Ksenija Pavlovic, political scientist and Editor-In-Chief of The Pavlovic Today records in her political diary Day 1 of the Annual Meeting of the Clinton Global Initiative. She writes about her favorite moments from the meetings, in which the most dedicated group of problem solvers, visionaries, celebrities, and altruists in the world have committed to help alleviate poverty and disease, and further global development.
On Monday, September 19, I found myself at the Annual Meeting of the Clinton Global Initiative in New York City. Early morning in midtown Manhattan was swamped by NYPD police and government vehicles with tinted windows. On the same morning, the United Nations hosted world leaders for the 71st session of the UN General Assembly, CNN was sending breaking news on the Chelsea terrorist attack and yet, for the twelfth year, former President Bill Clinton was somehow successful in managing to pull in global game-changers for three full days in the premises of the Sheraton hotel and keep them interested, energized, and engaged to resolving burning global issues, from the refugee crises to the containment of Zika.
Heads of states from countries all across the world, chief executives, leaders of non-governmental organizations, and the finest political experts attended groundbreaking sessions focused on turning ideas into action. Such sessions included the importance of gender equality in achieving the Sustainable Development Goals, partnerships as a key to global prosperity, and opportunities for those in the world’s toughest places.
10:15 AM. The Metropolitan ballroom on the second floor of Sheraton hotel was packed. The Opening Plenary Session: Partnership for Global Prosperity, put forward an interesting idea that global prosperity can only be reached through the pursuit of partnership and recognition of our own interdependence. On the matters of creative cooperation, the members of the Clinton Global Initiative had an opportunity to engage with remarks from Chelsea Clinton, Bono, John Allen, President Bill Clinton, Mauricio Macri (President of Argentina), Matteo Renzi (Prime Minister of Italy), and Sadiq Khan (Mayor of London).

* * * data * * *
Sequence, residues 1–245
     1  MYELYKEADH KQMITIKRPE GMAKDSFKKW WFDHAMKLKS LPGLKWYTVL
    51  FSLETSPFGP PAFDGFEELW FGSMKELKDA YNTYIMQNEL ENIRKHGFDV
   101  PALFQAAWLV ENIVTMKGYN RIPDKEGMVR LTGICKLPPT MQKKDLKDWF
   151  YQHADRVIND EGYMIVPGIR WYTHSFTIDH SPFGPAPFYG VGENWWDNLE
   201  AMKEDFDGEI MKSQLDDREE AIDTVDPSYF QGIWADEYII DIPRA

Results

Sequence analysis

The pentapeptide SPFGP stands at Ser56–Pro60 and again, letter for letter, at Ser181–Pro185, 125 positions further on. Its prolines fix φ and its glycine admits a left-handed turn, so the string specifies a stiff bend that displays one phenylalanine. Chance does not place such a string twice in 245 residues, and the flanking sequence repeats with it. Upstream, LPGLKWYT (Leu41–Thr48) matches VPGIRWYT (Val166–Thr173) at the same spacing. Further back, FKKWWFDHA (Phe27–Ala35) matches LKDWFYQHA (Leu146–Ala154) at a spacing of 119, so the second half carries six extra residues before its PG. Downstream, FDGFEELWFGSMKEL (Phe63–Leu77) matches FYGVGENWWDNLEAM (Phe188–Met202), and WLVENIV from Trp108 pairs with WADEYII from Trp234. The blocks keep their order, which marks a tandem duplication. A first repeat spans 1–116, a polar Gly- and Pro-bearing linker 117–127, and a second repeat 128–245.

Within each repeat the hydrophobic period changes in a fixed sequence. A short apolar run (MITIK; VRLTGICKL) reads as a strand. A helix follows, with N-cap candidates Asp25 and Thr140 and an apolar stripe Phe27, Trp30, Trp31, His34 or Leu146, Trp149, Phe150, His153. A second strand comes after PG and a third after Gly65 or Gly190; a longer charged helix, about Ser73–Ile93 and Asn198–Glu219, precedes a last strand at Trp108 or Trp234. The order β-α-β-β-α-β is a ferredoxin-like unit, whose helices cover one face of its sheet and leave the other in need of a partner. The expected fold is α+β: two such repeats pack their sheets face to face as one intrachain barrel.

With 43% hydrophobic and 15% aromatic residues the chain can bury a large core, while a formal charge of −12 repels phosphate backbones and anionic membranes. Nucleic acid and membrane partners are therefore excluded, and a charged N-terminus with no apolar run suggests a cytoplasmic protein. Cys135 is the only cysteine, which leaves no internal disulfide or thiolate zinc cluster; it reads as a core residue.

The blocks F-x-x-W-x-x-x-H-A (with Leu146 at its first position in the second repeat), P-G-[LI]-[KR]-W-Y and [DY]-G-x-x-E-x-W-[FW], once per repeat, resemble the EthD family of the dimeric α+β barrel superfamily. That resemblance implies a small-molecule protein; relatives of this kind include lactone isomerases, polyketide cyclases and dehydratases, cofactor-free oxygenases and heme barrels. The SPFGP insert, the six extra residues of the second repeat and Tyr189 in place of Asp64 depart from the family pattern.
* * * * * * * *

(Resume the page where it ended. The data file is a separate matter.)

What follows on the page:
Former President Clinton began the final Annual Meeting of the Clinton Global Initiative by saying, “I think the way to end this is not on a nostalgia trip, but doing what we set up to do. Which is just keep working to push the ball forward.”’
Reflecting on the past twelve years, Bill Clinton said : “No one had ever had a meeting where you invited political leaders, business leaders, philanthropists, NGO leaders from developing countries and from developed countries and in some case just concerned citizens and said, ‘Come here talk about the problems, but you actually have to commit to do something’.”
1:00 PM. The afternoon plenary : “Succeeding in the World’s Toughest Places”, explored successful approaches for doing business and providing access to services in the toughest places, with an emphasis on youth and marginalized groups. Raj Panjabi (CEO, Last Mile Health) opened the session, followed by a panel with Hikmet Ersek (President and CEO, Western Union), Lara Setrakian (Executive Editor and CEO, News Deeply), and Muzoon Almellehan (Student and Education Advocate, Malala Fund), and moderated by David Miliband (President and CEO, International Rescue Committee).
Today, millions of people are living in tough-to-reach places. From refugee camps and conflict-affected areas to the world’s most remote regions, they face extreme poverty, the effects of war, environmental threats, and underdevelopment. Members of the Clinton Global Initiative have made a commitment to ensure that those living in the toughest places have the opportunities and services they need to thrive.